Need help on lighting...

Jim Hollingsworth

Junior Poster
Jun 6, 2010
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0
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Hi Tom,

First question:

I want to use a slightly nonstandard setup and I am very unsure how much light to use.
I don't have access to a light meter and the units confuse me somewhat.
(How many millimoles per square inch per second are in a lux?, rhetorical)
I hope maybe you can help.

I want to use a low light, slow growth, easier maintainence setup.
I have a 75 gallon tank (48"x15"x24"deep).
I want plants growing out the top of the tank and therefore I want the
lights at 14" above the top of the tank.
I plan to use T05 HO 48" 54w 6500K fluorecent bulbs with reflectors.

I know there are a lot of variables, but given the tank depth, the light fixture height
and the low light setup plan, can you give me some idea of how many watts of T05 HO
would be good to use above this tank? (Or maybe help me with a plan to figure this out.)

I was thinking two 54 watt tubes for a total of 108 watts?
This is 1.4watt/gallon, but given the light fixture height and tank depth,
is this enough, maybe 3 or 4 tubes?

Possible emergent plants (also initial biomass)
Hygrophila corymbosa
Brazillian Penywort
Water Sprite
Bacopa caroliniana

Possible submerged plants
Tiger Red Lotus
Bolbitis heudelotii
Cryptocoryne wendtii
Java Fern
Java Moss


Second question, if I am allowed..

So how come you don't write a clear simple book with different levels of complexity
and examples of actual long term working tanks and make a bunch on money
and not work any more? (I think you could do it, there are a lot of people in
the world, you only need a very small percentage). It would also be useful and
bring enjoyment to people. However, who am I to say what you want.
Sounds like a neat project though. Maybe you have already
done or are doing it. If not I would help...

Thanks for your time... Jim
 

Tom Barr

Founder
Staff member
Administrator
Jan 23, 2005
18,696
747
113
Jim Hollingsworth;52777 said:
Hi Tom,

First question:

I want to use a slightly nonstandard setup and I am very unsure how much light to use.
I don't have access to a light meter and the units confuse me somewhat.
(How many millimoles per square inch per second are in a lux?, rhetorical)
I hope maybe you can help.

I want to use a low light, slow growth, easier maintainence setup.

Okay, sounds good.

I have a 75 gallon tank (48"x15"x24"deep).
I want plants growing out the top of the tank and therefore I want the
lights at 14" above the top of the tank.
I plan to use T05 HO 48" 54w 6500K fluorecent bulbs with reflectors.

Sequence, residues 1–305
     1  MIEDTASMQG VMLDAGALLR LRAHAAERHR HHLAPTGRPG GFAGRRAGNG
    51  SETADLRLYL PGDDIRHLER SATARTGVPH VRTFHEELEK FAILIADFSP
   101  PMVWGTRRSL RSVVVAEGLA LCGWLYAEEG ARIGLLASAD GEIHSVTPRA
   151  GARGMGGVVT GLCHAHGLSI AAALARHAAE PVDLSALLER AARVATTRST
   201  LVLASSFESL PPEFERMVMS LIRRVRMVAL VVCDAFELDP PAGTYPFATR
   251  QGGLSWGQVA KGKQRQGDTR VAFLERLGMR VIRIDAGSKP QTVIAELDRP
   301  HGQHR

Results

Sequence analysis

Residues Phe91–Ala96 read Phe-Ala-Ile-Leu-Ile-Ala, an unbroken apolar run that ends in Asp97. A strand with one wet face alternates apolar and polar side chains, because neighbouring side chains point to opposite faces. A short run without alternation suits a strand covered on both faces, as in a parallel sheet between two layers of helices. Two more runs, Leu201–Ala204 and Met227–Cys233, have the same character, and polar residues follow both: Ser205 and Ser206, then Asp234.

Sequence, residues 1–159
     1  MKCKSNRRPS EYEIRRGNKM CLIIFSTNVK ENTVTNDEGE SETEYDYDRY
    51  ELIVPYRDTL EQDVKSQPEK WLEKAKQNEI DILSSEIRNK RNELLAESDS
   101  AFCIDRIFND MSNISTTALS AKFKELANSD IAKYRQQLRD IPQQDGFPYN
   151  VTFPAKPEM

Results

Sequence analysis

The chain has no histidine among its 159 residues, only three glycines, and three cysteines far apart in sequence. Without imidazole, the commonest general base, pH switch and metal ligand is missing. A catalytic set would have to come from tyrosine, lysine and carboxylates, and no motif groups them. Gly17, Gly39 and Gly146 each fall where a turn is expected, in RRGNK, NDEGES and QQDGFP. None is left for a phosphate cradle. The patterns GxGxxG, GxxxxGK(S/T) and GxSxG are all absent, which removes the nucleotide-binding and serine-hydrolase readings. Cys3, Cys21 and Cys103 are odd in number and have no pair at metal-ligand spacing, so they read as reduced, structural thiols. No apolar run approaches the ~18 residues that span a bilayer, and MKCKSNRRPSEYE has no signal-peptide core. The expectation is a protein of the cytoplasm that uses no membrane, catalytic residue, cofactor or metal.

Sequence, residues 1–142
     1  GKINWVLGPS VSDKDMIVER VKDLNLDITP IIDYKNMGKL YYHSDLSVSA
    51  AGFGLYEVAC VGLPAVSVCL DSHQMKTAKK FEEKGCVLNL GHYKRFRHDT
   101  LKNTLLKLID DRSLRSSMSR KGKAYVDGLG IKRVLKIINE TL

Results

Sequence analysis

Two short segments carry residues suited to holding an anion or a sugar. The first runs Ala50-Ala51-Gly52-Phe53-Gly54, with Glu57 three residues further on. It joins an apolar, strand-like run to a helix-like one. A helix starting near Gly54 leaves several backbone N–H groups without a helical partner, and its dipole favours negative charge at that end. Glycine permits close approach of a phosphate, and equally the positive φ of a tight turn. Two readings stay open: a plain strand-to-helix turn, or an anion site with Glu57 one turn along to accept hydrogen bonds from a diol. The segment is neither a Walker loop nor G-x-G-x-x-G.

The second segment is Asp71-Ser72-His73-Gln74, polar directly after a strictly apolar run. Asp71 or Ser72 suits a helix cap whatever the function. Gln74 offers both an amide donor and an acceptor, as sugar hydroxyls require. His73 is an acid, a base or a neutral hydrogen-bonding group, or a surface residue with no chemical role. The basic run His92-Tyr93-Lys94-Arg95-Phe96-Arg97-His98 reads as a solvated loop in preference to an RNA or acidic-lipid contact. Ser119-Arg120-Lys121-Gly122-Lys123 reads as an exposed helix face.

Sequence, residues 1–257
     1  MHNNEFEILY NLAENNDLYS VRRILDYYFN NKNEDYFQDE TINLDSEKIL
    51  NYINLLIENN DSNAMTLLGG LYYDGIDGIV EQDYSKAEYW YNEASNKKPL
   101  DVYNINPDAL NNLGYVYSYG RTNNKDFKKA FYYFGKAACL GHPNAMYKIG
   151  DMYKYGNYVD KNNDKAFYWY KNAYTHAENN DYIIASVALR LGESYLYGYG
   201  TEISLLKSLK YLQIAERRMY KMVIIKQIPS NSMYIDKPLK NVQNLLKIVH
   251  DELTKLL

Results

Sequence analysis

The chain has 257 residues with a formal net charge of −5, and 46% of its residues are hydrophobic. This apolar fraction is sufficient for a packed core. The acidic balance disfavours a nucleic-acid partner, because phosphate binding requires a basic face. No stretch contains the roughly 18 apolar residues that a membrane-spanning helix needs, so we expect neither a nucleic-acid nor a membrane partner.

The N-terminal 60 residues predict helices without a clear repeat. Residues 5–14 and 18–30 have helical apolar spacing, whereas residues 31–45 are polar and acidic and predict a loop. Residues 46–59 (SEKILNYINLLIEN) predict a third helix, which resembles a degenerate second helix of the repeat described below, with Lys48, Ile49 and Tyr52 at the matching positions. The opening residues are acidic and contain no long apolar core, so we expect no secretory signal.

I know there are a lot of variables, but given the tank depth, the light fixture height
and the low light setup plan, can you give me some idea of how many watts of T05 HO
would be good to use above this tank? (Or maybe help me with a plan to figure this out.)
I was thinking two 54 watt tubes for a total of 108 watts?
This is 1.4watt/gallon, but given the light fixture height and tank depth,
is this enough, maybe 3 or 4 tubes?

You should be okay, I'd suggest perhaps a Tek 4x 54W light, then use only two of the bulbs, the only time you'd need more is for a few species of submersed plants maybe. Still, it is there if you ever change your mind(which you will).

With the 2 outside bulbs running, you get a nice wide spread and ample lighting. I do this on my non CO2 planted tank, submersed plants are few, and easy low light plants also.

Possible emergent plants (also initial biomass)
Hygrophila corymbosa
Brazillian Penywort
Water Sprite
Bacopa caroliniana

Possible submerged plants
Tiger Red Lotus
Bolbitis heudelotii
Cryptocoryne wendtii
Java Fern
Java Moss

These will all work well.

Second question, if I am allowed..
So how come you don't write a clear simple book with different levels of complexity
and examples of actual long term working tanks and make a bunch on money
and not work any more?

It takes a lot of work to produce a decent book I'd be happy with.
I have a dissertation to finish, that's a "book" :p
There's not much $$ in this hobby.
My area of research will yield a far better return than this hobby.
Aquariums are mostly done for the love of the hobby, not for $$.
Even the owners that do this hobby full time, are that way.

(I think you could do it, there are a lot of people in
the world, you only need a very small percentage). It would also be useful and
bring enjoyment to people. However, who am I to say what you want.
Sounds like a neat project though. Maybe you have already
done or are doing it. If not I would help...

Thanks for your time... Jim

I have a plan to get around to it, took me years to get around to having a web site with Greg.
I have many things on my plate like Greg, but we are both tenacious if nothing else.
That's is one trait I know applies to me.

Regards,
Tom Barr